VISITOR INFORMATION

Admission is free to the Zimmerli Art Museum at Rutgers. The museum is located at 71 Hamilton Street (at George Street) on the College Avenue Campus of Rutgers University in New Brunswick. The Zimmerli is a short walk from the NJ Transit train station in New Brunswick, midway between New York City and Philadelphia.

 

The Zimmerli Art Museum is open Tuesday through Friday, 10 a.m. to 4:30 p.m., Saturday and Sunday, noon to 5 p.m., and select first Tuesdays of the month, 10 a.m. to 9 p.m. The museum is closed Mondays and major holidays, as well as the month of August.

 

PaparazZi Café is open Monday through Thursday, 9:00 a.m. to 4:30 p.m., and Friday, 9 a.m. to 2 p.m., with a variety of breakfast, lunch, and snack items. The café is closed weekends and major holidays, as well as the months of July and August.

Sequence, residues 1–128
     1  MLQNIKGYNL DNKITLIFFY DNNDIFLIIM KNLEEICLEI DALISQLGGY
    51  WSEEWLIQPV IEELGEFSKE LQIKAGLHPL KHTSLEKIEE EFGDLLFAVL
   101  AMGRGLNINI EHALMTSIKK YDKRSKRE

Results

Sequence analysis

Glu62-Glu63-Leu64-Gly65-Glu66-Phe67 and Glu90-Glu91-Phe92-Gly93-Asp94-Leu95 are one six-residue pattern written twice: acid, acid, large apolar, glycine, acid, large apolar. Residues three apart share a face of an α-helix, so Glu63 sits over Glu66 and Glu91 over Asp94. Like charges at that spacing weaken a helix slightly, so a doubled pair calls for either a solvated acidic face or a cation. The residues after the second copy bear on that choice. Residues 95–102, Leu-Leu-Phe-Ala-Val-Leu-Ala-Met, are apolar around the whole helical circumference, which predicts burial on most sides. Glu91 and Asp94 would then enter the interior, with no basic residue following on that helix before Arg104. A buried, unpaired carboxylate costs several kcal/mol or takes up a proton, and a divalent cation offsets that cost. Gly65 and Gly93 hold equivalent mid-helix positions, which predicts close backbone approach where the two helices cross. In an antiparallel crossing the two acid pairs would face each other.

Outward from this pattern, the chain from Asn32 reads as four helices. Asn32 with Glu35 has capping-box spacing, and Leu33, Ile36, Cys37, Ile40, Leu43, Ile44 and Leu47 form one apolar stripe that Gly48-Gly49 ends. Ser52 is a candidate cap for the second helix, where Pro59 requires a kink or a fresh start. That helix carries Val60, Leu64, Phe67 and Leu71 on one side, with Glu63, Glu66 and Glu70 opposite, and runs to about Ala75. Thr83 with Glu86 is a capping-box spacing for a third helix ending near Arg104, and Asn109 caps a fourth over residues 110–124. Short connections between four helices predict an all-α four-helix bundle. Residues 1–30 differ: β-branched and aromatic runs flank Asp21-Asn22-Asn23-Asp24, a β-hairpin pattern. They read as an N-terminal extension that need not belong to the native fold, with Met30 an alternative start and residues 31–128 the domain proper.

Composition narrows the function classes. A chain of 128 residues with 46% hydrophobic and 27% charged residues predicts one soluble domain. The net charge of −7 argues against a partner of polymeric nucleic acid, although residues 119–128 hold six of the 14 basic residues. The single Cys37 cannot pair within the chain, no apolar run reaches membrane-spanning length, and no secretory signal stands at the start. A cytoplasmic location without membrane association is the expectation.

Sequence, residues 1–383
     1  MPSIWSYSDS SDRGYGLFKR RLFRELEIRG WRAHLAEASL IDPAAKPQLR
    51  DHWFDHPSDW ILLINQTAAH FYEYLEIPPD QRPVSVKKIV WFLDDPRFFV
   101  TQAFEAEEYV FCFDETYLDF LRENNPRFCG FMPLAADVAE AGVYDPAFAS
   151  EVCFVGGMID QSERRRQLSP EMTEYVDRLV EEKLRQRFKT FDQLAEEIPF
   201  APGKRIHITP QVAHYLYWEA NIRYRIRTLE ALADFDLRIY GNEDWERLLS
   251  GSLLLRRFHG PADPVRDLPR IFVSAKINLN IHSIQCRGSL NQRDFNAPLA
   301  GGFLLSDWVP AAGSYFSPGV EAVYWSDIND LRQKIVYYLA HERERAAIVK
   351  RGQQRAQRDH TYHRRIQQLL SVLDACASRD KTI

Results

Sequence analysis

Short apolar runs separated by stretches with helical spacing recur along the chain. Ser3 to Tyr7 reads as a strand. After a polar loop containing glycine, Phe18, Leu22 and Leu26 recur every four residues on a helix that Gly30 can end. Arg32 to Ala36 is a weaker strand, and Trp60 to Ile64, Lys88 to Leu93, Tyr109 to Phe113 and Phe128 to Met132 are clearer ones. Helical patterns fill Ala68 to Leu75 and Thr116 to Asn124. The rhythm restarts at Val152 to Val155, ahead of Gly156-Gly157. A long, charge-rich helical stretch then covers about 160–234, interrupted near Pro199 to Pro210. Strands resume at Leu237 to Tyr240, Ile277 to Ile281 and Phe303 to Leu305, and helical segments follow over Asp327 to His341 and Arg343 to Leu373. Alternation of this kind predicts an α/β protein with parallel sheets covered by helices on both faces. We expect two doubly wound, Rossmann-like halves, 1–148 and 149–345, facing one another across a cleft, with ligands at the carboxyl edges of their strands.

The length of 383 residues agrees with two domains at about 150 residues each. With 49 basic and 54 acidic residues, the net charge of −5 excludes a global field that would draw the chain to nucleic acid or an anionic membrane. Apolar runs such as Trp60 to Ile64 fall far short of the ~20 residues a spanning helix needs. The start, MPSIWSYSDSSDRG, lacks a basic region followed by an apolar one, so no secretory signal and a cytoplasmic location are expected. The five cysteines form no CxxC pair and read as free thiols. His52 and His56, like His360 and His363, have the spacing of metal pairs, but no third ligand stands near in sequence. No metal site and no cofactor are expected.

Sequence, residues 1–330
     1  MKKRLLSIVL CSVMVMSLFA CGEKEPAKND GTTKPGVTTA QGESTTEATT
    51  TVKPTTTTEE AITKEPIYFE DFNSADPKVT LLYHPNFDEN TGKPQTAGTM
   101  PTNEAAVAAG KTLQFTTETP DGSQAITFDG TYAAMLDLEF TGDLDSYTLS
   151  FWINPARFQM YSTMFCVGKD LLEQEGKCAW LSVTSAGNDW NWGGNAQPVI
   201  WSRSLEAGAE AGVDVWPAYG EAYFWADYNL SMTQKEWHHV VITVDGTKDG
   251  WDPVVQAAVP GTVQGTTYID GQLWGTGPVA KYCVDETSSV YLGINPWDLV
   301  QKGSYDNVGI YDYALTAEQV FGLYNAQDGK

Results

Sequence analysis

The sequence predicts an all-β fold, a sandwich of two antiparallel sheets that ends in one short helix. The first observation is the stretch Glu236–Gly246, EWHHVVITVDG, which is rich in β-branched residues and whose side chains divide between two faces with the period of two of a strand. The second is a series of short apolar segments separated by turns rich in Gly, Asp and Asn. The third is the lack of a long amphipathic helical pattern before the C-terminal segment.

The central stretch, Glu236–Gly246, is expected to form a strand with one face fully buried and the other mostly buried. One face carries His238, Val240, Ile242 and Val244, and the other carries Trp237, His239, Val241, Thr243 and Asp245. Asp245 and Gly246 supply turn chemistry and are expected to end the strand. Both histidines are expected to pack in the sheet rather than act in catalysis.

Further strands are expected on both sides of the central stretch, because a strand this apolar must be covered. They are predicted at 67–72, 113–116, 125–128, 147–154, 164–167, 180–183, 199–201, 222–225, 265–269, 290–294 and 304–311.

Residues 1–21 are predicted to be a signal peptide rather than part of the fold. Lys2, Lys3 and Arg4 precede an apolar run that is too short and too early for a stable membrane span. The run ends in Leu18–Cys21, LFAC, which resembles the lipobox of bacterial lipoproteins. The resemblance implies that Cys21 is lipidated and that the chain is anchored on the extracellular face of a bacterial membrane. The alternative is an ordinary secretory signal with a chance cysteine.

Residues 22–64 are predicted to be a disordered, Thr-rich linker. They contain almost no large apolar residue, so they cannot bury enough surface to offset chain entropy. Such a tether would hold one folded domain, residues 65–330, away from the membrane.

For more information, visit the museum’s website www.zimmerlimuseum.rutgers.edu or call 848.932.7237.

 

SUPPORT

The Zimmerli’s operations, exhibitions, and programs are funded in part by Rutgers, The State University of New Jersey, and income from the Avenir Foundation Endowment and the Andrew W. Mellon Foundation Endowment, among others. Additional support comes from the New Jersey State Council of the Arts and the Estate of Victoria J. Mastrobuono; and donors, members, and friends of the museum.